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Southern Historical Society Papers, Volume 1. (ed. Reverend J. William Jones), The treatment of prisoners during the war between the States. (search)
ing extract of a letter addressed to Mr. Seward: war Department, Washington City, October 12th, 1864. * * * * * * * * * Mr. Wright makes no complaint of harsh treatment, and the papers which he presents show that the officers who have had him in charge have rendered him every facility in submitting his appeal. * * * * * * * * * If Mr. Seward was misled by this statement in regard to my treatment, he was certainly undeceived when he received the British minister's note, dated October 20th, of which I have given an extract. The wretched condition of the prisoners at Rock Island was well known to the citizens of Rock Island City and Davenport. At the request of Judge Grant of the latter city, on the 20th of September, 1864, I made a faithful statement of the treatment and condition of the prisoners; and for this purpose, in company with others, I visited a number of barracks. The bread and the meat were carefully weighed, and the quality of the food truthfully reporte
cient in staff, in organization, in transportation, and in subsistence, And the boys kept crying for the word, and they wondered why it didn't come. But, when it didn't come, I knew Pat Cleburne was dead; for, if he had been living, he would have given that order. And, sure enough, he was dead, and all his staff with him. he moved slowly over the mountain-paths of the rugged and barren Wilderness of Kentucky. Bad roads, broken wagons, and short rations, impeded his march; but, on the 20th of October, he found himself at Rockcastle River, eight miles from the enemy. On that same day, General Johnston wrote him that there were probably 4,000 Federals at Rockcastle Hills, 6,000 at Dick Robinson, and a formidable reserve in Northern Kentucky. But this was too late, of course, to reach him. General Thomas, who had his headquarters at Dick Robinson, had been anxious to assume the offensive. His plan was to penetrate East Tennessee, cut the railroad communications east and west, an
Chapter 11: What the enemy did when our forces had left Leesburgh Plots of Union traitors during our absence threatened approach of the enemy from Drainsville upon our right flank we march out to the attack, Sunday, October twentieth capture of a Federal courier the ruse discovered plans of Stone, Baker, and Banks Countermarch to the Ferry road watching the river shell-firing by the enemy the enemy cross in force at Ball's Bluff on Sunday night, and at Edwards's Ferry, Goville road on our right flank and rear; a company of horse were also on our extreme left up the river, and one of the Eighteenth Mississippi occupied Fort Evans midway between the river and town. This was our disposition on Saturday night, October twentieth. Our active lieutenant-colonel had gone out to examine the posts along the river, but had not visited the woods around Ball's Bluff. It was a wild desolate place, and the guards disliked duty in the neighborhood. The Bluff so called was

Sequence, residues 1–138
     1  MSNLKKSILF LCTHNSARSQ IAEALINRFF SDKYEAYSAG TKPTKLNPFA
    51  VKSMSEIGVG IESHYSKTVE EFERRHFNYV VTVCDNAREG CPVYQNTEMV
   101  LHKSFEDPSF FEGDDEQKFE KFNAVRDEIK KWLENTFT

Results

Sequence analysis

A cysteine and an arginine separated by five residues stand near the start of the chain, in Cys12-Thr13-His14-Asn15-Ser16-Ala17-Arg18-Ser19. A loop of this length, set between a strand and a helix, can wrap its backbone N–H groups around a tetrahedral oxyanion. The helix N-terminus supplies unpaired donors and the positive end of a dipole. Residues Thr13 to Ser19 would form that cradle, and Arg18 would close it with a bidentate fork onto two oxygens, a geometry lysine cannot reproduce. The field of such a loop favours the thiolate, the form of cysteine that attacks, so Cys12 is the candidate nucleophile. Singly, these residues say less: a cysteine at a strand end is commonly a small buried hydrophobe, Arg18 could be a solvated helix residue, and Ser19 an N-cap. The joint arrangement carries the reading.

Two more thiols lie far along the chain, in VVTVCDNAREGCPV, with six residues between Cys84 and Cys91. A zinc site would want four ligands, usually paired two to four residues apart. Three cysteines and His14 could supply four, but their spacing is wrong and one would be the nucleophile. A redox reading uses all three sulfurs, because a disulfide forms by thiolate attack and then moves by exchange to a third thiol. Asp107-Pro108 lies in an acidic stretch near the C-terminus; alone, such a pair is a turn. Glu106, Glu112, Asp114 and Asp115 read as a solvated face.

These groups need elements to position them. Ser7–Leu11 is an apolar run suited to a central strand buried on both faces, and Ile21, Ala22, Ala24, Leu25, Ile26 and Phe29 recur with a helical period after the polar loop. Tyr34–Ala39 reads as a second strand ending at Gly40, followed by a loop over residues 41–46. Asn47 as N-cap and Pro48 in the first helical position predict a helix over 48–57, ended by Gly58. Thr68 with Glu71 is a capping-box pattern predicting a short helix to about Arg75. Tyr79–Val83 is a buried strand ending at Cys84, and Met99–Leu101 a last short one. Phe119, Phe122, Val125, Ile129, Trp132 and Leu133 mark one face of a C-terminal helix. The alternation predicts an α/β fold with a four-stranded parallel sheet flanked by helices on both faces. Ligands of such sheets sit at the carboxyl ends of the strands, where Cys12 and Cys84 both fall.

ecember, 1862. In my chronicles I said that as our offensive operations are temporarily suspended; and as we are expecting orders shortly to move northward towards the Missouri line; a resume of our operations since we came into this section last fall will be useful. After the battles of Newtonia on the 30th of September and 4th of October last, we moved steadily forward, and defeated the enemy in every engagement. At the battle of Maysville or Old Port Wayne, Cherokee Nation, on the 20th of October, we gained a substantial victory by capturing from General Cooper four pieces of light artillery, brass twelve pounders. The Second and Sixth regiments Kansas cavalry led in the charge which resulted in the capture of these guns. It is generally conceded however, that the meed of honor should go to Captain Samuel J. Crawford, Second Kansas cavalry, for conspicuous bravery displayed on the field that bright sunny morning. It was one of the most exciting contests that I had up to that
igris River. One of the negroes which they captured they intended to take with them to Texas. He escaped one night, however, and reached Fort Gibson after several day's wandering in the Nation. He states that he heard them say that they were on their way to Texas, and would not return to Missouri until towards spring. They regarded General Blunt's carriage as quite a trophy, and intend to exhibit it to their friends and admirers in Texas. A messenger came in from the Osage Mission, October 20th, and reported that there was a small rebel force in the vicinity of that place on the night of the 18th, under Cy Gordon. They committed some petty depredations and then left. On the 18th instant General Ewing's forces overtook and had a skirmish with Shelby's rear guard at Carthage, Jasper county, Missouri, and captured thirty prisoners, including one Major. No better officer could be sent against the enemy in the field than General Ewing. Some stragglers are also being daily pick